Water Cycle - Water (6)
Pre Lab 

  • Evaluating the components of the water cycle.
  • Exploring the water cycle in detail.
  • evaporation
  • groundwater
  • precipitation
  • surface water
  • water cycle

Students learn vocabulary that describes the water cycle.


Students by the 6th grade should be familiar with the mechanism of the water cycle. They might not realize the significance of water to enable life to exist on Earth.  The following is a summary of the importance of water to life. 

  1. Water remains a liquid over a very wide temperature range, namely, a range of 100C  between freezing and vaporization.   This spans the temperatures of most parts of the Earth where life can occur. 
  2. Water has a very high specific heat, which means that it can absorb or lose much heat before its temperature changes.  This is important in maintaining body heat in mammals, such as ourselves.
  3. Water has a high latent heat of vaporization.  For this reason, water evaporates slowly from ponds and lakes, where many life forms are dependent on it. 
  4. Water is less dense in its solid state than in its liquid state, so that ice floats instead  of sinking.  This property permits life to develop in polar regions and subpolar regions where ice floats and allows life to continue living below the surface.  If ice were heavier than water, it would sink, and more ice would form on top of it.  As a result, all life in the waters would be trapped in the ice in the many areas of the world where it gets cold enough to freeze water.
  5. Water is a remarkable solvent not only for the reasons mentioned above but also for gases such as oxygen and carbon dioxide.  The oxygen must be soluble in the water phase of the living cell in order for it to be used for oxidation of food.  At the same time, another gas, carbon dioxide, must also be soluble to escape to the outside of the cell, from where it travels to the lungs to get expired.
  6. Water exhibits surface tension.  The molecules of water on the surface of a calm and quiet pond tend to be drawn into the liquid, so that the liquid surface is taut, like a sheet of rubber drawn over the open mouth of a jar.  This tautness is called surface tension.  It can support small objects like a sewing needle.  This "skin" on the water can also cause a handicap to mayflies and caddisflies that try to emerge from their juvenile images.  It also can trap flying insects that accidentally fall into the water and are unable to fly out.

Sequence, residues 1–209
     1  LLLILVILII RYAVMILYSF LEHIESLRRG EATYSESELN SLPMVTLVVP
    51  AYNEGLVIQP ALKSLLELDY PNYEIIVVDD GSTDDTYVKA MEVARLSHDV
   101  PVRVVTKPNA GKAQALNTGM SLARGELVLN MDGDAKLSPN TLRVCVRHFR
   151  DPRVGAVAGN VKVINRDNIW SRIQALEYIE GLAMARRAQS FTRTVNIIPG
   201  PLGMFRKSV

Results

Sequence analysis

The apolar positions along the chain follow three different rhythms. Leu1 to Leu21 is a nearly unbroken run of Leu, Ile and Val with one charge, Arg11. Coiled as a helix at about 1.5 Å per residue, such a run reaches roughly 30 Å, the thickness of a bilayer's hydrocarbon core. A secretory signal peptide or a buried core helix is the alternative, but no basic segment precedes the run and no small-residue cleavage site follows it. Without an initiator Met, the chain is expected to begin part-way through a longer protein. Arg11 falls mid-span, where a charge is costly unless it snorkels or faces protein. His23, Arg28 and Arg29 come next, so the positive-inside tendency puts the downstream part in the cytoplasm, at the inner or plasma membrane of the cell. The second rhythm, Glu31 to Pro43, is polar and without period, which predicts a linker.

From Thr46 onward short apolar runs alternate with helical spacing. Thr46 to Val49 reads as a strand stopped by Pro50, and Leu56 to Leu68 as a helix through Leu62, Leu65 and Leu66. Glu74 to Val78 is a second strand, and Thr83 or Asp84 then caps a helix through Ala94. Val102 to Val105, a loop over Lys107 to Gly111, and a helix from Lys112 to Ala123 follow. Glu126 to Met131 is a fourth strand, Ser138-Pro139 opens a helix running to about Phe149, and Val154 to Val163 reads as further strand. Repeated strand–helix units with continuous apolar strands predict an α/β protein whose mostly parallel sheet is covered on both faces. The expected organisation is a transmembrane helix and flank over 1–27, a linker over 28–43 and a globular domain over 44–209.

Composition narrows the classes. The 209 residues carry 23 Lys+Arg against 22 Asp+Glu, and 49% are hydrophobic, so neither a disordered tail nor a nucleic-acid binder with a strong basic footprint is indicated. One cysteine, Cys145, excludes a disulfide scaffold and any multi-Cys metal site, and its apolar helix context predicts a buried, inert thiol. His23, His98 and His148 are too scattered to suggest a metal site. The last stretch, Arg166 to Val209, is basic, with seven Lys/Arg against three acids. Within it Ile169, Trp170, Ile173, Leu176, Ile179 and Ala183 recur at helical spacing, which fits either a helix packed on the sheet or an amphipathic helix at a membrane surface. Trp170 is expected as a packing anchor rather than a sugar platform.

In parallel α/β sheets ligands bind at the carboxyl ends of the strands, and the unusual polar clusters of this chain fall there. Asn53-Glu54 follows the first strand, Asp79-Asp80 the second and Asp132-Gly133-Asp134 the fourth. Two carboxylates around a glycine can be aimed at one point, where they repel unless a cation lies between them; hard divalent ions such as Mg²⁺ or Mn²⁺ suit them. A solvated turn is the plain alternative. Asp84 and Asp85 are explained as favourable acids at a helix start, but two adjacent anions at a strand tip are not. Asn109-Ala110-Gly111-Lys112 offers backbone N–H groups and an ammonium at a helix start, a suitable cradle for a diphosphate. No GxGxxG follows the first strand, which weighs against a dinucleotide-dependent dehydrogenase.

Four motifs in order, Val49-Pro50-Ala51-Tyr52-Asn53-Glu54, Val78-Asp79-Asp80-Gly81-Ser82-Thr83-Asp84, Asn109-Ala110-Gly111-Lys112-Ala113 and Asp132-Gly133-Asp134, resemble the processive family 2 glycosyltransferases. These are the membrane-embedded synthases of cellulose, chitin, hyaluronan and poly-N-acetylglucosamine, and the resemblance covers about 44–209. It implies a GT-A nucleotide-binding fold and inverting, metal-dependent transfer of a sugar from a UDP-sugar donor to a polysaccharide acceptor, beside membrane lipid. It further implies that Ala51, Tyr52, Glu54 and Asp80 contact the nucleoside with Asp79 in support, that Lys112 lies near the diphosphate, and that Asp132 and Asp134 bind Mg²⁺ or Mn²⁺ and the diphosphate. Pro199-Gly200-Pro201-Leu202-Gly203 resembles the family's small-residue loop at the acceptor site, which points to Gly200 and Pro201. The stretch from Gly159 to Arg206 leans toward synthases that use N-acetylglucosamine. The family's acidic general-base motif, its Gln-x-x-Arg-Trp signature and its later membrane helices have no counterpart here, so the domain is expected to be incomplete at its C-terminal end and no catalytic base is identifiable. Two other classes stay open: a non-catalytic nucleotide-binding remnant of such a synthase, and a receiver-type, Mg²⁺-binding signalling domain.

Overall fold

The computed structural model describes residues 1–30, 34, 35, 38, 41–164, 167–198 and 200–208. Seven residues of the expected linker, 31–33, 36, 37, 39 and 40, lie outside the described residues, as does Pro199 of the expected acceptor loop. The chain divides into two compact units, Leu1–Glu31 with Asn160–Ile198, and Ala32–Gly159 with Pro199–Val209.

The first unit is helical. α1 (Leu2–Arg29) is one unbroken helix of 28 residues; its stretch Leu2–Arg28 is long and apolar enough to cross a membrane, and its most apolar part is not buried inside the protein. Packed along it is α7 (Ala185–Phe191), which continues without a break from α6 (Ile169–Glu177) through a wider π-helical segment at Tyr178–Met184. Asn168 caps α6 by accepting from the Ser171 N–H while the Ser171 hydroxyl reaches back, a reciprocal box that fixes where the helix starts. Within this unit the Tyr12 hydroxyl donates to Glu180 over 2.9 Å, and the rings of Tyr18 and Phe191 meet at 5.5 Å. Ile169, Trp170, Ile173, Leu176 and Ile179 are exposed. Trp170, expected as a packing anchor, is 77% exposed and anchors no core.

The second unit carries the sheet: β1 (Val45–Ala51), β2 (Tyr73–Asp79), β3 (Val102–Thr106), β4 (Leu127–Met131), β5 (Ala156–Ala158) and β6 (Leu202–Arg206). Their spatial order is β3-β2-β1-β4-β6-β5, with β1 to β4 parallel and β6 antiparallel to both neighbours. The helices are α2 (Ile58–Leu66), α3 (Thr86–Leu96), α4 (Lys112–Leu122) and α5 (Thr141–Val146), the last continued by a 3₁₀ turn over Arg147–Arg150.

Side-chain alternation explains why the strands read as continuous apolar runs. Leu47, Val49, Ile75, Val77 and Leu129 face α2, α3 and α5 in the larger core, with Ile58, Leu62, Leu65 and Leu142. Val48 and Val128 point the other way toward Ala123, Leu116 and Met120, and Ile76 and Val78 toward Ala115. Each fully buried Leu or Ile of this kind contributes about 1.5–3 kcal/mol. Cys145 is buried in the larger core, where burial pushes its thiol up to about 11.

7. Water exhibits viscosity.  One can observe the effects of viscosity alongside a stream or river with uniform banks.  The water along the banks is nearly still, while the current in the center may be swift.  This resistance between the layers is called viscosity.   This property allows smaller fish to live near the shore, while larger fish are able to swim efficiently in strong currents.  Viscosity is also responsible for the formation of eddies, creating turbulence that leads to good mixing of air in the water and more uniform  distribution of microscopic organisms. 


  1. The water cycle can be very simple, but the more times a student is introduced to the concepts, the more involved the cycle becomes.  The movement of water involves more than just evaporation and precipitation.  Go over the major parts of the water cycle as illustrated by the diagram below.

  • evaporation - the changing of liquid to water vapor

  • condensation -  the changing of water vapor to a liquid

  • precipitation - forms of water vapor that are heavy enough to fall to the Earth's surface such  as rain, snow, sleet, hail, and fog

  • infiltration - the process by which water seeps into the soil

  • water table - the level below which the ground is saturated with water

  • lake - a body of water larger than a pond and too deep in parts for rooted plants to live

  • river - a natural stream of water larger than a creek and emptying into an ocean, lake, or  another river

  • ocean - the bodies of salt water that cover nearly three fourths of the surface of the earth 

  • groundwater - water found below the surface of the Earth

  • runoff - water that flows on the surface or through the ground into streams, rivers, lakes and  oceans

  • transpiration - the evaporation of water from the leaves of plants

  1. Use the worksheet and have the students draw in some of the components to make the diagram easier to understandable.  You may want the students to write a paragraph on the water cycle, taking information from the worksheet.

  2. Use the online poem of Dr. Drippy to illustrate how poems can be a fun way to learn the content of the water cycle. Students should read Dr. Drippy. This poem is based on key words from the water cycle. Challenge students to write their own poem or limerick on the water cycle.

    A poem is a composition of a verse that uses rhymes to express a subject in an artistic fashion. Students can either have it rhyming or not depending on how they us their imagination.

    You may also want to assign students to create a limerick. A limerick is kind of a humorous verse of 5 lines in which the first and second lines rhyme with the fifth line. The shorter third line rhymes with the shorter fourth line.

    You may want to pair up students, one with artistic talents and the other the writer.

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